As popular singer and actor Harry Connick Jr. begins the second season of his popular daytime talk show, Harry, he continues to profile and highlight the inspiration found in guests from all walks of life. While entertainment icons appear occasionally to talk about their latest projects—including Billy Joel who recently performed a piano duet—Connick's focus is squarely on everyday people.
As he enjoys "the time of his life" with a one-hour party every day, Connick, who also serves as executive producer, recently took some time to speak with Charisma News about what makes the show so fun, how faith is a frequent topic for his guests, and his love for gospel music.
The segments of Harry talking about real-life heroes makes the whole show more of a 'feel good' hour. Why is it important to profile them?
We have an hour of television every day, and I have to sit down and figure out how to spend it. You have to prioritize, because there are a lot of different pieces of my life. Music was going to be a priority and it was going to be all throughout the show anyway, so then it came to 'What are we going to spend our time talking about?' I love talking to people who make other people feel better. They're everywhere. I had an interview with a guy today, Jake Olsen, who is a long snapper for [the] USC football team who's blind. He lost his eyesight completely when he was 12 years old. I asked him, "When you were 12, you were going into this surgery knowing that you were never going to see again. What do you do when you're down? What do you do when you feel like you can't go on?" I can't imagine what that must have been like. He went on to say, "Here's what I do. I focus on the blessings that I have. If all I did was sit around thinking about what I don't have, I would be depressed." It makes you feel good to hear how other people navigate through life. I love doing that. I love meeting everyday folks and just spending some time with them and learning about them. It's fulfilling to me. I sincerely enjoy it and I think, hopefully that comes through.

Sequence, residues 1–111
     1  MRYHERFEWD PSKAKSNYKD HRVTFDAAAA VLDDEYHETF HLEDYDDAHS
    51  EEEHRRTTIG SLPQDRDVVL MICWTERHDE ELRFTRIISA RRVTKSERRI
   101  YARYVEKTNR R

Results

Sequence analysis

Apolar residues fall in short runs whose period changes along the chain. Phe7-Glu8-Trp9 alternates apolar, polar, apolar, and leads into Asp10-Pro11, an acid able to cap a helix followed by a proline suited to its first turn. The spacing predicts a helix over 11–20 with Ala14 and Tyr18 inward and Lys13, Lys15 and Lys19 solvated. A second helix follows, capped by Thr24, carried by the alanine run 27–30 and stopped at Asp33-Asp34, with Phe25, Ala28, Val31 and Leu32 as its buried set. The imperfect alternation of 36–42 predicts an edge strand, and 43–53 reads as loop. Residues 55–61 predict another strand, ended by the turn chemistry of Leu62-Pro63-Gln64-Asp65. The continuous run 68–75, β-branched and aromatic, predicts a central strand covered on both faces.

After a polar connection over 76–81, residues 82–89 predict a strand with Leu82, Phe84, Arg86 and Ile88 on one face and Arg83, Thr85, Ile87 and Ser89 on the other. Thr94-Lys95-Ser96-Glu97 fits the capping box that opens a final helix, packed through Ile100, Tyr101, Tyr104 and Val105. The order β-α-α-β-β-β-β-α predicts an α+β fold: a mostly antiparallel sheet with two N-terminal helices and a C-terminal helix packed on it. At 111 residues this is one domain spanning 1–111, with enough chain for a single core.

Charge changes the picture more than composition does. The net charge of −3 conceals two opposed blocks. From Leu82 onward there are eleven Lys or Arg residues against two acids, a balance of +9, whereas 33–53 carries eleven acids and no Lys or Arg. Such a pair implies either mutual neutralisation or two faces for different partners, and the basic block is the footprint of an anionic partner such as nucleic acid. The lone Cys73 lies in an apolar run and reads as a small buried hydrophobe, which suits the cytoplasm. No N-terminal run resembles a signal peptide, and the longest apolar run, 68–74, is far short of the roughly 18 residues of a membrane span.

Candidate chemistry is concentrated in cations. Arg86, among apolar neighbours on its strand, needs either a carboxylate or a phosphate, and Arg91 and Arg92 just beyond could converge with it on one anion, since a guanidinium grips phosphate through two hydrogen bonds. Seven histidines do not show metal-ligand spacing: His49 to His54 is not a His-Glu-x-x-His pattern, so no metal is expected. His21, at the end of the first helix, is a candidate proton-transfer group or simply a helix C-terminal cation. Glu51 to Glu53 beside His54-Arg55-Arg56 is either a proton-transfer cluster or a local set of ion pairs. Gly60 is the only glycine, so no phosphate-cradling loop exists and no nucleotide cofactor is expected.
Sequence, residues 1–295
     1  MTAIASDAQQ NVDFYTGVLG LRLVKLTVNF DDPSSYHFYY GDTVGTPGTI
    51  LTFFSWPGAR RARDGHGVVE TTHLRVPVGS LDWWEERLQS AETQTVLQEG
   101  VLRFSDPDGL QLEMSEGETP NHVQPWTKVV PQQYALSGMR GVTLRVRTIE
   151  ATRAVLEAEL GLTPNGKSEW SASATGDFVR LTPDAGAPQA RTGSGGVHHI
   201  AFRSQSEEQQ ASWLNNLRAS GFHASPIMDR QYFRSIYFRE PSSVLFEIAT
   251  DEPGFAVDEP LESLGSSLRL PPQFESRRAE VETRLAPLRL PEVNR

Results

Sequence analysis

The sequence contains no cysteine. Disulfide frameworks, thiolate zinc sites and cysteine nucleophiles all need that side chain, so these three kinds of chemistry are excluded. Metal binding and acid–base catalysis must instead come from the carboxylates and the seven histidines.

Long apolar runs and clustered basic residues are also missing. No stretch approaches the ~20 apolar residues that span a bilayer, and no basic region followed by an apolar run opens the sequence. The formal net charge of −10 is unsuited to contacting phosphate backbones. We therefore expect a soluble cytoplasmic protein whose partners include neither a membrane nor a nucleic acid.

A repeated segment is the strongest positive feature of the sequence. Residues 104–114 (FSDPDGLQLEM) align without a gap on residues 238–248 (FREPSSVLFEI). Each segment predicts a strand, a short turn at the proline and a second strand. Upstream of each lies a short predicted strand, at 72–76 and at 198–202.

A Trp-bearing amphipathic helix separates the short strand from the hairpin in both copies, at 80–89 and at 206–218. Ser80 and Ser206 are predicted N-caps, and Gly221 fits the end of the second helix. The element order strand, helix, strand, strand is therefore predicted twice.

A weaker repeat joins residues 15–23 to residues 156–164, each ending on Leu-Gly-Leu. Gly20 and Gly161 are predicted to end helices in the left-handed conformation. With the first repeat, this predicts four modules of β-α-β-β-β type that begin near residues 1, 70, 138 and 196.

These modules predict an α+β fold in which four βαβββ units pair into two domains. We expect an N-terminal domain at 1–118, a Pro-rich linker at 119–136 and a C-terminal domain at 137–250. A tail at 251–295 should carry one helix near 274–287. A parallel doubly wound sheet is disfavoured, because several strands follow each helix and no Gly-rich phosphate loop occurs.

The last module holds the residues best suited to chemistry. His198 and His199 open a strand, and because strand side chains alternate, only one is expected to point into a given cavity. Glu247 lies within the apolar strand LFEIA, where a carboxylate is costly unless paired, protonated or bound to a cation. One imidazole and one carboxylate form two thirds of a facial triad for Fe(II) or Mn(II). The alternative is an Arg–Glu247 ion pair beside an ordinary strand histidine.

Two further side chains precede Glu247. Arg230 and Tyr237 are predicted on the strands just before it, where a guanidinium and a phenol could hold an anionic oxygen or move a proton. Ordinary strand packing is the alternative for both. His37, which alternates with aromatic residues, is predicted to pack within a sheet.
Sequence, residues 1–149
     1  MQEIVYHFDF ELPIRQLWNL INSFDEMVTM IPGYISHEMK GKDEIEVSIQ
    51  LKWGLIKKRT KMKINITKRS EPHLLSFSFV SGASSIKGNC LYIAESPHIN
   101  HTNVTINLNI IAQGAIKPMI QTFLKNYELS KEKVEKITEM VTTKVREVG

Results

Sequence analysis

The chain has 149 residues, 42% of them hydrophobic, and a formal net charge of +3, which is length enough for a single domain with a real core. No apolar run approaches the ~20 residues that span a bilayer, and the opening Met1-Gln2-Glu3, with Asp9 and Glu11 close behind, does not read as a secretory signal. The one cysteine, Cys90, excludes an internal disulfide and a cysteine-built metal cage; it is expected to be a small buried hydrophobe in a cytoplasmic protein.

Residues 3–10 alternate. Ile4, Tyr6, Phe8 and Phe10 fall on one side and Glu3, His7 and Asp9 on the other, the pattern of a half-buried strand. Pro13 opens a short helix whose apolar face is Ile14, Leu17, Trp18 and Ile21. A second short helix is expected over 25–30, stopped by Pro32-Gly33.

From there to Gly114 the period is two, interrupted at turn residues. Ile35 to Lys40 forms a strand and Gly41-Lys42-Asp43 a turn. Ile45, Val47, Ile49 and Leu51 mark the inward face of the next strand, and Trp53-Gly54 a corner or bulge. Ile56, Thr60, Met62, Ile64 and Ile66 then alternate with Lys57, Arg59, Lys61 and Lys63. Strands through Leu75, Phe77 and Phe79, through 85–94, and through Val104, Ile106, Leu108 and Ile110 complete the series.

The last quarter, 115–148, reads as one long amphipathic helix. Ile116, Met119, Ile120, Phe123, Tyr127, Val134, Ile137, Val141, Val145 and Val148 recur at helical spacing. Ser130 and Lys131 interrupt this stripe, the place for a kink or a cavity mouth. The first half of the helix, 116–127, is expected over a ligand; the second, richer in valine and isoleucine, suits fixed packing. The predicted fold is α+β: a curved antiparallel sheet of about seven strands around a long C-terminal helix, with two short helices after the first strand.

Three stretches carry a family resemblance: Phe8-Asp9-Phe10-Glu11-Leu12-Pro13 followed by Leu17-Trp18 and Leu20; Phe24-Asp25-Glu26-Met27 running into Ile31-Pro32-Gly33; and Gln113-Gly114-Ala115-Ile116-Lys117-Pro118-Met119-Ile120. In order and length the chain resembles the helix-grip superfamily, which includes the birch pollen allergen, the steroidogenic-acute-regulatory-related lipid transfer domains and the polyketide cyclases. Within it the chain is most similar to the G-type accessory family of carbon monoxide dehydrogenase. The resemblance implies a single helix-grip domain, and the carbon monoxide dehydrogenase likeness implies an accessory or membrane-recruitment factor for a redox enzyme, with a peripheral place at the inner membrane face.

On a recent episode, someone was talking about faith and you mention that some people were surprised they could talk about it and you said, "Of course you can." You've had Tim Tebow on the show, and you're not afraid to spotlight faith talk. Why is that?
I think no matter what faith you're talking about, if somebody wants to talk about their faith, it's usually a good thing. It's usually about how it helps them get through tough times or whatever. I just can't believe we've gotten to a point where it's a novelty to talk about it. My show isn't a religious show, and I'm certainly not going to stand up there and preach, but I try to show by example what I believe to be right. This goes back to saying, "What am I going to do during this hour of television?" Everything that I do is based on things that I find entertaining and I find right. If somebody wants to come on and talk about their faith, absolutely come on and talk about it. Now you're not going to hear me stand up there and preach, because I don't like to be preached to by somebody like me. I like to be preached to by somebody who knows how to do that. But I believe you can say the same things in your actions. If somebody has a message they want to speak about, I support it by any means.
It's not always a focus on talk shows. Sometimes it's downplayed or off-limits.